Anna and the French Kiss
I would have begged my parents to send me to boarding school had I read Anna and the French Kiss when I was sixteen.
But I didn’t, and now I’m twenty-three and Paris-less (made that up).
But I feel like I’ve been living there because of Stephanie Perkins. I have seen readers buzzing about this series on Goodreads for quite some time; however, I didn’t register that it was a trilogy until I started reading Lola and the Boy Next Door and found Anna’s name.
And I slammed the book shut and grabbed my iPad, because I would NOT ruin Anna’s story by reading Lola’s first, and I could NOT wait until Barnes & Noble was open the next day to start it.
I really liked this story, and I liked it because Anna has a gap between her front teeth and because Étienne St. Clair is short. Which might seem silly, but I liked meeting a male character who seems tall because of his personality. And what I enjoyed most is reading about the fear of being alone and confused, because I used to hate being alone, but I used to hate to admit that I hated being alone much more.
“The more you know who you are, and what you want, the less you let things upset you.”
I used to be fearless when I was younger. I read what I wanted to read, and I didn’t care if people laughed or stared or called me a nerd. However, something changed when my parents moved me back to the city I was born in. I constantly worried about what people would think when I brought a book to class, so I stopped. When I went to college I noticed people giggling at the hardbacks in my hand and so I stopped. And then I started to believe people when they told me studying English Literature in college was pointless.
And you might say that I was weak and that I didn’t really love books, because a real lover of stories would never stop reading because of other people.
But insecurity will eat you.
Most of my dreams were crushed for so long because of other people, but they were mainly ruined because of myself. I didn’t know who I was back then, and I didn’t know that the people I was hanging around with weren’t good for me. And it took me losing all of those people to realize that I am stronger and more intelligent than I let myself realize. I’m so much more creative and loving and kind and sensitive than I allowed myself to be.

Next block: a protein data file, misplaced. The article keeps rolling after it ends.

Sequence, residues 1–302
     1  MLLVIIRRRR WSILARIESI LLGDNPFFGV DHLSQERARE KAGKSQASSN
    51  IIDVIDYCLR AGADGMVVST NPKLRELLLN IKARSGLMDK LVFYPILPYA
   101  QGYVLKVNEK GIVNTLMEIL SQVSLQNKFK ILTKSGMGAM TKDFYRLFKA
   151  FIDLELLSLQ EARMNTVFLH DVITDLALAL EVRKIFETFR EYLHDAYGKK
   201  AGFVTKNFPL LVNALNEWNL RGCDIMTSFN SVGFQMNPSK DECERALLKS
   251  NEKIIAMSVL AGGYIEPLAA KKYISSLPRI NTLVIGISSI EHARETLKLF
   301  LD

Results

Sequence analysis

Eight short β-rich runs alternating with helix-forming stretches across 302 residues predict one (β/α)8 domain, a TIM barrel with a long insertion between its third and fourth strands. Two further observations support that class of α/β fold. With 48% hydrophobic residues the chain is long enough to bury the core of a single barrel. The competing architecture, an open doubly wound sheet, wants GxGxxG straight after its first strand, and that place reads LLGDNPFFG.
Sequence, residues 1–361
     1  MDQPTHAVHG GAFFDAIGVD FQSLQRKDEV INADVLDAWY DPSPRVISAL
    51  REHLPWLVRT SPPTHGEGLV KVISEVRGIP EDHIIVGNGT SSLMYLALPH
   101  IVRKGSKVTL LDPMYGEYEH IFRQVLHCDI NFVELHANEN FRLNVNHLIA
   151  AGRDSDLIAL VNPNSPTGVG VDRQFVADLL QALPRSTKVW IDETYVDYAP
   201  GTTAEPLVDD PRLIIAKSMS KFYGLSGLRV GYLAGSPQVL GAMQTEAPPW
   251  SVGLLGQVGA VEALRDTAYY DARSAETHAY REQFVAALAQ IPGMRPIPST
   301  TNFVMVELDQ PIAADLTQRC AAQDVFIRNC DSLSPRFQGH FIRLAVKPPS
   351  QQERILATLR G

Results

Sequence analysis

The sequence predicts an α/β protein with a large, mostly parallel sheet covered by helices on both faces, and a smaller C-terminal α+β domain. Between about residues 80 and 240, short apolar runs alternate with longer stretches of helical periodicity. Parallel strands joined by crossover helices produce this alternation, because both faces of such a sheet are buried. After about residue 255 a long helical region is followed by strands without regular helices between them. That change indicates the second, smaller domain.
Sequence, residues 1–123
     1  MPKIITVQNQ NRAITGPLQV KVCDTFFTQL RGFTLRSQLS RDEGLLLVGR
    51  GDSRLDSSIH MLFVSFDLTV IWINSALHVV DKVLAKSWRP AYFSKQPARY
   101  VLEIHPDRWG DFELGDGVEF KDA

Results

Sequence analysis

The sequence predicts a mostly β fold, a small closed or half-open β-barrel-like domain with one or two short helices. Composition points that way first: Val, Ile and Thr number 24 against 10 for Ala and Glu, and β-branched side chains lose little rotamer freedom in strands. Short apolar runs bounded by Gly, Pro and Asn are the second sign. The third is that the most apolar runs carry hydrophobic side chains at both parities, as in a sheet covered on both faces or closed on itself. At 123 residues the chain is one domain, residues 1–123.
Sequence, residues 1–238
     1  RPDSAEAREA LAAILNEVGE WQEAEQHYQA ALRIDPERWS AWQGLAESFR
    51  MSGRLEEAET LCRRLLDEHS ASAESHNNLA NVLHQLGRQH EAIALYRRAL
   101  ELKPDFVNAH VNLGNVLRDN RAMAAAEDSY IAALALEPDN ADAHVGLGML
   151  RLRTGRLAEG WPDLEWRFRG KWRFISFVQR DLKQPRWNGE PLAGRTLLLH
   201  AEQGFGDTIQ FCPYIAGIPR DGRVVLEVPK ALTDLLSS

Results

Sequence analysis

And I love writing Young Adult stories, and I love reading them. And I’m not ashamed to carry around Fangirl in my purse for weeks. It’s okay to like whatever you like. And I will not judge you if you enjoy James Joyce’s A Portrait of the Artist as a Young Man even though it’s boring as hell (to me). Brilliant, but boring as hell.
“It’s strange. Home. How I could wish for it so long, only to come back and find it gone.”
I have felt this way so many times, and when I read this line I was reminded of how I used to wish I could stay in Oxford, MS forever. And then, all of the sudden, it didn’t feel like home anymore.
It felt foreign and dull and lacking. And I couldn’t get out of there fast enough, because I was suffocating. I was choking on clouds. It felt like all of my dreams were in every other place but where I was. I felt like it was holding me back. I was constantly repeating my days.
And I don’t want to repeat my days. I want to write about new characters and new adventures and new places every week. I want to sit in coffee shops and book stores and McDonalds with people who think my stories are wondrous. I want to seek out other writers who want to help me become better, and I want to read their work.
I’m so glad Stephanie Perkins created a character who struggled with her fears. Anna doesn’t like being alone, and she doesn’t understand why she feels homesick when she’s at home. And her love for film forces her to leave her safe spot and learn French and become strong and confident.
And my love for words has done the same. And my friends’ love for my words has done even more.
Originally published at www.alexandriagryder.com.